二零一七年九月十日


Reflection


"Forgive?"

Forgive? Why should I? That’s not fair. He/she should know how does it feel to be hurt. We often heard the expression “holding a grudge.” To hold a grudge means to nurture anger, resentments and bitterness. With it, we are trying to accumulate emotional wastes and spending negative energies that eventually cause us some imbalances or diseases. Studies have shown spiritual ramifications to some illnesses. This can be a complex reality, but the readings for this Sunday help us to ponder about this special connection of our faith in God and the impact of forgiveness to healing and wholeness. Salvation in the sense of the Scriptures is the experience of being made whole again.

The prophet Sirach (27:30- 28:7) in the first reading asks: “Should a man nourish anger against his fellows and expect healing from the Lord?” Should a man refuse mercy to his fellows, yet seek pardon for his sins?” Healing and forgiveness is a gift from God and we experience it powerfully as his mercy and love. There will be times when forgiveness can be very challenging and the will to forgive seems to be out of our way. With it we are humbled because we know that this goes beyond our human capacity, we need God’s help.

Indeed, we need to enter into the heart of God’s mercy to understand what it really means to forgive, why we should forgive. It is first and foremost God’s unconditional love he would like us to experience in Jesus Christ who died on the cross for the forgiveness of sins. We must look straight to the eyes of Jesus, into his heart to know and feel how much we are forgiven and loved. A refusal of this truth means also a rejection of God’s offer of his mercy and forgiveness.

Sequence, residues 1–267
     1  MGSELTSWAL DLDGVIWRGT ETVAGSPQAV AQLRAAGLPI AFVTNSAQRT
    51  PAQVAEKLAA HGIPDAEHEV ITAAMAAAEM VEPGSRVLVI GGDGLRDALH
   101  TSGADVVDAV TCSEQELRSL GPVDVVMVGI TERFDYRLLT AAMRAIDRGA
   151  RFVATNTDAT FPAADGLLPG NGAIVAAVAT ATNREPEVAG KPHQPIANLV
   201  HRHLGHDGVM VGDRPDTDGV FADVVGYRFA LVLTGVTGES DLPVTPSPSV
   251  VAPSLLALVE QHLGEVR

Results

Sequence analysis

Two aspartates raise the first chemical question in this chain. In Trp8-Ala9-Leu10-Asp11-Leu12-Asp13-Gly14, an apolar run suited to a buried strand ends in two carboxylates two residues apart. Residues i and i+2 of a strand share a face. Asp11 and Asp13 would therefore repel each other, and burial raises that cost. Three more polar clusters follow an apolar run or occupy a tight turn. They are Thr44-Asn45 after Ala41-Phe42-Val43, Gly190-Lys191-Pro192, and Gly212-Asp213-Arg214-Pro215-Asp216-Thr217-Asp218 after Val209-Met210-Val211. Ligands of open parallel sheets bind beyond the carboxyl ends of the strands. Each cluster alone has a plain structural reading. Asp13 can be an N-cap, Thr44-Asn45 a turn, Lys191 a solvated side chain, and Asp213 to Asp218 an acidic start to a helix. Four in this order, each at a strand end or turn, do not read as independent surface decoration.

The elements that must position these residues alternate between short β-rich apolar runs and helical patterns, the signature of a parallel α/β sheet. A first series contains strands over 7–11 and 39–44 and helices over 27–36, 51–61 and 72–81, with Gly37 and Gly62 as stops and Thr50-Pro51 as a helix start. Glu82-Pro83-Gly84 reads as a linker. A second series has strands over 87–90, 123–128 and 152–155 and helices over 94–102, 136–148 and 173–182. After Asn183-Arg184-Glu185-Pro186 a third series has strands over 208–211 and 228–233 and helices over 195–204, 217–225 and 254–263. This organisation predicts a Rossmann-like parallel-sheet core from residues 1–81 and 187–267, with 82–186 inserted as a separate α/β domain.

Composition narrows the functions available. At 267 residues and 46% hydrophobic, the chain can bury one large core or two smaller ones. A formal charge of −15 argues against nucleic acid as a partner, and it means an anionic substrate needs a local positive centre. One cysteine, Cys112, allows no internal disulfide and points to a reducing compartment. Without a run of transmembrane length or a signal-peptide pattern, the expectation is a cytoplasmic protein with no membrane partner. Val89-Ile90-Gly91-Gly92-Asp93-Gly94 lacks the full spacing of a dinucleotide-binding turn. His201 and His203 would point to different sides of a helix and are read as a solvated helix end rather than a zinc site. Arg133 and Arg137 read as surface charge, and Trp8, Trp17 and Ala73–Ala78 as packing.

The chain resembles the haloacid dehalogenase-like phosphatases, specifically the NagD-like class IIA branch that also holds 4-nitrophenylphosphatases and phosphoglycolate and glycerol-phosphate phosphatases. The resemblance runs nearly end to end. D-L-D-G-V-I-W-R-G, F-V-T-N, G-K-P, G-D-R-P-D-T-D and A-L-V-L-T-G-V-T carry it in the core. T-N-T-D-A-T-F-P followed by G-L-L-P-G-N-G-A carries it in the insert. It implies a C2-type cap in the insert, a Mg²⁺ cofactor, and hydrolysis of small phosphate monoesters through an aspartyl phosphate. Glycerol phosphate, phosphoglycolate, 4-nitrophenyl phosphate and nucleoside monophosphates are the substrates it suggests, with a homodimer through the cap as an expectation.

Saint Faustina said, “Humanity will never have peace until it turns to Divine Mercy.” When we allow ourselves to be drawn to the Divine Mercy we would also see how much we need to be forgiven as much as we need to forgive others too. Sometimes, the hardest thing to do is to forgive ourselves, to allow God to love our broken and wounded self. When true forgiveness happens, consequently peace begins to settle within. The second reading (Romans 14:7-9) reminds us not to separate our lives from its source and always be responsible to God. “None of us lives as his own master and none of us dies as his own master. While we live we are responsible to the Lord, and when we die we die as his servants. Both in life and in death we are the Lord’s.”

The parable in the Gospel (Matthew 18:21-35) is Jesus’ explanation to the question of Peter as to the number of times he must forgive. God’s infinite generosity and mercy forgives our faults and failures without limit and conditions if we are truly sorry of our sins and ask for his forgiveness. This brings us to the grace of the Sacrament of Reconciliation as Jesus’ gift to the Church. Hence, Jesus wanted Peter and all of us to realise that from our end we won’t also put limit on how many times we forgive. Otherwise, we will be holding grudges in our hearts and build up weapons ready to explode and eventually hurt ourselves and our relationships with other people. Peace becomes elusive then and anger can overwhelm us and might drive us to sin.

When we pray the Lord’s prayer (“Our Father”), let us be mindful of the words Jesus has taught us. May our hearts assent to the truth of God’s mercy and love he first of all offers us through the forgiveness of our sins so that we can also forgive others. “Forgive us our trespasses as we forgive those who trespass against

(Fr Regie, MSP)